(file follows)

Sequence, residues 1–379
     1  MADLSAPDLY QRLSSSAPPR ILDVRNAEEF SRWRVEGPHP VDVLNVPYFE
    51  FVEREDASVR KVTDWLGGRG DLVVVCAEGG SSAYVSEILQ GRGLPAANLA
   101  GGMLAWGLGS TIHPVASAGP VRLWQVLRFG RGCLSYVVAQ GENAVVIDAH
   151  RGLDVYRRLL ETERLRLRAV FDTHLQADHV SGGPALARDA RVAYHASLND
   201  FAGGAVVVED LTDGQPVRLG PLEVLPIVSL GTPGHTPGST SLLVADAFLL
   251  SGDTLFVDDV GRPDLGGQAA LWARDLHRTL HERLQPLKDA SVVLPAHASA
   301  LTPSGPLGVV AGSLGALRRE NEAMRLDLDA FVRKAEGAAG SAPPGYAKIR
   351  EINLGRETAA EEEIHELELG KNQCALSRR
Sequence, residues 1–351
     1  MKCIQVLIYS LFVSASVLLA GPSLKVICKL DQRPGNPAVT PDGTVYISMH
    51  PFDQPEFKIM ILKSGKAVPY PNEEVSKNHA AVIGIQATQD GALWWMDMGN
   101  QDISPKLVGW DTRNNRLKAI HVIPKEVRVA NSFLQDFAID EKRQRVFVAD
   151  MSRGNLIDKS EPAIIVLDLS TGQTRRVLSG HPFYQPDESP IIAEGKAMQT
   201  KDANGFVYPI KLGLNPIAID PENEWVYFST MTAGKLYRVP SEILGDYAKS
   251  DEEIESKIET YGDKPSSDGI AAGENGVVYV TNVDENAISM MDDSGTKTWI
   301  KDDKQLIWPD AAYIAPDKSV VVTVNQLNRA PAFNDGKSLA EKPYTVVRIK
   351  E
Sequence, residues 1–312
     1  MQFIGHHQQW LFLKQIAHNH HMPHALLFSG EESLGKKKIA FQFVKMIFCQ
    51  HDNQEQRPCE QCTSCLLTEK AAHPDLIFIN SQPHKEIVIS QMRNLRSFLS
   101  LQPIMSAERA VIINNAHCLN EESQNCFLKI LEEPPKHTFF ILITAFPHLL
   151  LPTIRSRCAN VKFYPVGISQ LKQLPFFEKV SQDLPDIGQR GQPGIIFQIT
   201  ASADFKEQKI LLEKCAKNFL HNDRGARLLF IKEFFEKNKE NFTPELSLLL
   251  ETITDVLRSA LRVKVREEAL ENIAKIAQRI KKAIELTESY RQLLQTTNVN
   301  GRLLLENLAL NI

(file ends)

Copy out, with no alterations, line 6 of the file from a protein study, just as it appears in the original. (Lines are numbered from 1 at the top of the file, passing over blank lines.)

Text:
   201  FAGGAVVVED LTDGQPVRLG PLEVLPIVSL GTPGHTPGST SLLVADAFLL